[*P12] On January 12, 2004, the trial court, after reviewing all of the pleadings, motions, and evidence filed, issued a four page order and judgment entry granting summary judgment in favor of all of the defendants. After setting forth the standards for summary judgment, the court made the following conclusions of law: 1) That defendants Glenn and Joretta Frohring are entitled to summary judgment, pursuant to R.C. 1705.48(A) and (B), since they are principals of a limited liability company 2. 2) That, even when reviewing all of the evidence in the light most favorable to the plaintiff, including the report of Tom Griffiths, defendants’ conduct did not rise to a level of reckless, willful or wanton conduct, but at most, suggested there may be a genuine issue of material fact as to negligence. 3) The waiver was valid, as a matter of law, thus, Eric waived all claims of negligence, and Bishop [**7] was barred from recovering on the wrongful death claim.
2 On appeal, Bishop’s counsel admitted at oral argument and in their brief that Glenn and Joretta Frohring would not be personally liable as principals of a limited liability company under R.C. 1705.48 (A). Therefore, this court, sua sponte, formally dismisses the Frohrings as parties to this appeal.
[*P13] Bishop timely appealed and raised the following assignments of error:
[*P14] “[1.] The trial court erred in failing to apply the standards for determination of motions for summary judgment.
[*P15] “[2.] The trial court erred in granting summary judgment in favor of appellee Nelson Ledges Quarry Park, Ltd. based on alleged lack of possession or control of leased premises.
[*P16] “[3.] The trial court erred in granting summary judgment for appellees on the ground that a valid release executed by Eric Bishop released appellees from liability.”
[*P17] As all of Bishop’s assignments of error question the propriety [**8] of the trial court’s grant of summary judgment, we will first address the applicable standards of review.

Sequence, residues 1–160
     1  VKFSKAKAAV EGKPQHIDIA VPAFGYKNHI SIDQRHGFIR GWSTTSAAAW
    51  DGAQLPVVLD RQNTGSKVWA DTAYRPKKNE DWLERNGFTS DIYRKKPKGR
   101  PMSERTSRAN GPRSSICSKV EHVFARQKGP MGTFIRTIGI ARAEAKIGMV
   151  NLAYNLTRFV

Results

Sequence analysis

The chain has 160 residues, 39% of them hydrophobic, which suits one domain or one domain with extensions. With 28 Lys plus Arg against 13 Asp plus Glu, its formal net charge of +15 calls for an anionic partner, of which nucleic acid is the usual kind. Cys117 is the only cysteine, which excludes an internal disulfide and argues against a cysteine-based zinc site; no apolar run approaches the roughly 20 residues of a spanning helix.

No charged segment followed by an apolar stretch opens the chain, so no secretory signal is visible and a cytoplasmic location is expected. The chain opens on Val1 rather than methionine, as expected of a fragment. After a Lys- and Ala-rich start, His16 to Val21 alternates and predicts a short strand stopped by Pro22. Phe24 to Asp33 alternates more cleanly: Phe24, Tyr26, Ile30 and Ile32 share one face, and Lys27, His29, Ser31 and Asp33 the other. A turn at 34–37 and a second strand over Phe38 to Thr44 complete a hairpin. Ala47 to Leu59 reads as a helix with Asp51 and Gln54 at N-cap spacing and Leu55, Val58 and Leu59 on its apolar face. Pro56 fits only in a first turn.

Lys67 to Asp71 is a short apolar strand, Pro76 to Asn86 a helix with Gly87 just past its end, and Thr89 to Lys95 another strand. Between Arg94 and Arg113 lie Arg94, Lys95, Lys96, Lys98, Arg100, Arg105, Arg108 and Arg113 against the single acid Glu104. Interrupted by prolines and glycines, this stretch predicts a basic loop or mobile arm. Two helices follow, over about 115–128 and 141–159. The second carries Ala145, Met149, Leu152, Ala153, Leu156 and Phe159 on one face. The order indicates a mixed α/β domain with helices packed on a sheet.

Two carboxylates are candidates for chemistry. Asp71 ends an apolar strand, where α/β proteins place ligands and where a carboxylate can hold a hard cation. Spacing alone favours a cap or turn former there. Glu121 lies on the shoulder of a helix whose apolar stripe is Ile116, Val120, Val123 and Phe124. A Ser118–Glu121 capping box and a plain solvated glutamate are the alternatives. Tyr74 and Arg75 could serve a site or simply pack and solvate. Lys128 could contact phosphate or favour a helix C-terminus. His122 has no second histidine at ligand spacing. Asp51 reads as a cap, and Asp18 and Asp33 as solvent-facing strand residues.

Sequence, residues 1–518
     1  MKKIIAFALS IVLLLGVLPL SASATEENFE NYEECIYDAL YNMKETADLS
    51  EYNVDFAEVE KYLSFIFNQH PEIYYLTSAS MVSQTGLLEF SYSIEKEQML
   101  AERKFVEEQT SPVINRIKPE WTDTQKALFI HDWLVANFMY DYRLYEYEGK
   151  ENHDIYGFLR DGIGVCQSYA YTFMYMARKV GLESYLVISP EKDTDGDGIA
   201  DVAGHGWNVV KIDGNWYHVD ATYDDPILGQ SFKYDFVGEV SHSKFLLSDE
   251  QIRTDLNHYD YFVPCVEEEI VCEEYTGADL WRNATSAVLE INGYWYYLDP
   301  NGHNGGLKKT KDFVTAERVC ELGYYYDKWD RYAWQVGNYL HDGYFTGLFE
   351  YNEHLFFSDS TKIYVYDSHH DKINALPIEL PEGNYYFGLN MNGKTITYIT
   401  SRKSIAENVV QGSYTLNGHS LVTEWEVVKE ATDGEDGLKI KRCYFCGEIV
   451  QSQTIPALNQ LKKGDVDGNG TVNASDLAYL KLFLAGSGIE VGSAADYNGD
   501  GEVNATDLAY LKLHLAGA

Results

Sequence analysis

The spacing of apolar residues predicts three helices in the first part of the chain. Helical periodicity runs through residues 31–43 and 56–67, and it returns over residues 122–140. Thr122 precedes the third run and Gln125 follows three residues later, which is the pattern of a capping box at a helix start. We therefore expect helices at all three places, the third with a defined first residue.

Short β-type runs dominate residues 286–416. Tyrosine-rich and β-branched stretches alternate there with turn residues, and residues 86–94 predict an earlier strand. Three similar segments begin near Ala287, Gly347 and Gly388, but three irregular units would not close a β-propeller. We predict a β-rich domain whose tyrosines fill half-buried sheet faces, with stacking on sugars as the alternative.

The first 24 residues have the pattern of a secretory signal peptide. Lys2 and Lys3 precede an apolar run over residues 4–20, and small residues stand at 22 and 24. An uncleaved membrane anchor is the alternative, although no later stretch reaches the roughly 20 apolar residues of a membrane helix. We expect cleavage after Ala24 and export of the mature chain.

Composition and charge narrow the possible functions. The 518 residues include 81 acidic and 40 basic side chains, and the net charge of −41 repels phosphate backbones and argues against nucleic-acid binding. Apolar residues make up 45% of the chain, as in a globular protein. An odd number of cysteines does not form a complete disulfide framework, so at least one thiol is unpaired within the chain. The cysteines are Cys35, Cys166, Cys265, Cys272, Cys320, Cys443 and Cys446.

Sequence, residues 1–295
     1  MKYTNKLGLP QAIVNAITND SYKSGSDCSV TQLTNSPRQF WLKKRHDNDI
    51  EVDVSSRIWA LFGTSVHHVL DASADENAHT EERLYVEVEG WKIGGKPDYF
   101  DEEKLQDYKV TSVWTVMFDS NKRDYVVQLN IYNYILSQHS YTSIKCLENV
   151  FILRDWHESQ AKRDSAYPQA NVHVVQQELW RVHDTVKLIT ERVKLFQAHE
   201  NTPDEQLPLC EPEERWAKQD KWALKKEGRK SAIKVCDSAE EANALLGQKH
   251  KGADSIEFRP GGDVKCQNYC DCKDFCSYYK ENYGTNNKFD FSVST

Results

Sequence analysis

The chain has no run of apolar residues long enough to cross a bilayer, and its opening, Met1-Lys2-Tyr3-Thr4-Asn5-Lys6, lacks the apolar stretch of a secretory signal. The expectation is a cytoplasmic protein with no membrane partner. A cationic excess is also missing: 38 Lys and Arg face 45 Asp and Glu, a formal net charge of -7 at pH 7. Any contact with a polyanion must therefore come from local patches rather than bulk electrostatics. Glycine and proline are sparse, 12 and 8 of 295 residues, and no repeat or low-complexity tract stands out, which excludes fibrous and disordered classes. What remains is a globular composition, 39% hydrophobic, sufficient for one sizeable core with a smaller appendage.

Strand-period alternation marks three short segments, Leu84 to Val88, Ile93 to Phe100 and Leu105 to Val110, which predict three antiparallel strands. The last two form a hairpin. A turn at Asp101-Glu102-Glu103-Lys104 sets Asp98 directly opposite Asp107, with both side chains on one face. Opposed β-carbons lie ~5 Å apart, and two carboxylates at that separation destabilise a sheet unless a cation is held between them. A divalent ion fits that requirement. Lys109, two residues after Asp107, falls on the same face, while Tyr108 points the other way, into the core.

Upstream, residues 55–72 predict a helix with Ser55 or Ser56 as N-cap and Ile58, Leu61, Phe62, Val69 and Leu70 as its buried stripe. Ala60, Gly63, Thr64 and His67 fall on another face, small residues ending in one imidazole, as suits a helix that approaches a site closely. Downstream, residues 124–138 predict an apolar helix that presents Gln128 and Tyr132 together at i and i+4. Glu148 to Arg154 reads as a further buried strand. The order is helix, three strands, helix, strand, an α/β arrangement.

[*P18] [HN1] “Summary judgment is a procedural device to terminate litigation and to avoid formal trial when there is nothing to try. It must be awarded with caution.” Murphy v. Reynoldsburg (1992), 65 Ohio St.3d 356, 358-359, 1992 Ohio 95, 604 N.E.2d 138. Summary judgment is proper when three conditions are satisfied: 1) there is no genuine issue of material fact; 2) the moving party is entitled to judgment as a matter of law; and 3) reasonable minds can come to but one conclusion, and that conclusion is adverse to the party against whom the motion form summary judgment is made. See, Harless v. Willis Day Warehousing Co. (1976), 54 Ohio St.2d 64, 66, 375 N.E.2d 46; Civ.R. 56(C). [HN2] “If the moving party fails to satisfy its initial burden, the motion for summary judgment must be denied. However, if the moving party has satisfied its initial burden, the nonmoving party then has a reciprocal burden outlined in Civ.R.56(E) to set forth specific facts showing that there is a genuine issue for trial, and if the nonmovant does not so respond, summary judgment, [**9] if appropriate, shall be entered against the nonmoving party.” Dresher v. Burt, 75 Ohio St.3d 280, 293, 1996 Ohio 107, 662 N.E.2d 264. [HN3] In reviewing a motion for summary judgment, the court must construe the evidence in the light most favorable to the nonmoving party. Doe v. Shaffer, 90 Ohio St.3d 388, 390, 2000 Ohio 186, 738 N.E.2d 1243. Moreover, an appellate court conducts a de novo review of the trial court’s decision to grant summary judgment. Id. Thus, we, as an appellate court, owe no deference to the conclusions of the trial court.
[*P19] [HN4] In order to prevail in a wrongful death cause of action, the personal representative of the decedent must prove these elements: “1) a wrongful act, neglect or default of defendant which proximately caused the death and which would have entitled the decedent to maintain an action and recover damages if death had not ensued; 2) that a decedent was survived by a spouse, children, parents, or other next of kin; and 3) that the survivors suffered damages by reasons of the wrongful death.” McCormac, Wrongful Death in Ohio § 2.02. Bishop’s assignments of error challenge the court’s conclusions related to the first element, which may sound in either [**10] negligence or willful misconduct.
[*P20] For the purposes of judicial economy, Bishop’s assignments of error will be discussed out of order.